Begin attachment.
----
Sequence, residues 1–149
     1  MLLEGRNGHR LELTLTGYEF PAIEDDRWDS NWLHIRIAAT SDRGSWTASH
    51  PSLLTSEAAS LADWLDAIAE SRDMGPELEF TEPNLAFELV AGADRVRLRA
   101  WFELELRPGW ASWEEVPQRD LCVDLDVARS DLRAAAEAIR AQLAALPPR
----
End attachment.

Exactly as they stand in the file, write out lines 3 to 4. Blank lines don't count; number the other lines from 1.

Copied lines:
    51  PSLLTSEAAS LADWLDAIAE SRDMGPELEF TEPNLAFELV AGADRVRLRA
   101  WFELELRPGW ASWEEVPQRD LCVDLDVARS DLRAAAEAIR AQLAALPPR